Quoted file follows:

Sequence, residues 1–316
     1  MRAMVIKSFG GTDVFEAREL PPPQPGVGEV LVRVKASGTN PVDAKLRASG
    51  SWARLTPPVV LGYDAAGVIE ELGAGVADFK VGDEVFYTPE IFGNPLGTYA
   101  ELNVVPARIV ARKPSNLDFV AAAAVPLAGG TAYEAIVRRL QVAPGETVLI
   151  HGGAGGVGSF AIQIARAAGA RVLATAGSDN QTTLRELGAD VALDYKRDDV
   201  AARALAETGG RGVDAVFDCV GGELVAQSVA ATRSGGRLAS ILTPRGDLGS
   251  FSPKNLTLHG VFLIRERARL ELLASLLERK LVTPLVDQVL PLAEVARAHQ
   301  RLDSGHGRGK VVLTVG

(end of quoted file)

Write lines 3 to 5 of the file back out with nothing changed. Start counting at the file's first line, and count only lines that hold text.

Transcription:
    51  SWARLTPPVV LGYDAAGVIE ELGAGVADFK VGDEVFYTPE IFGNPLGTYA
   101  ELNVVPARIV ARKPSNLDFV AAAAVPLAGG TAYEAIVRRL QVAPGETVLI
   151  HGGAGGVGSF AIQIARAAGA RVLATAGSDN QTTLRELGAD VALDYKRDDV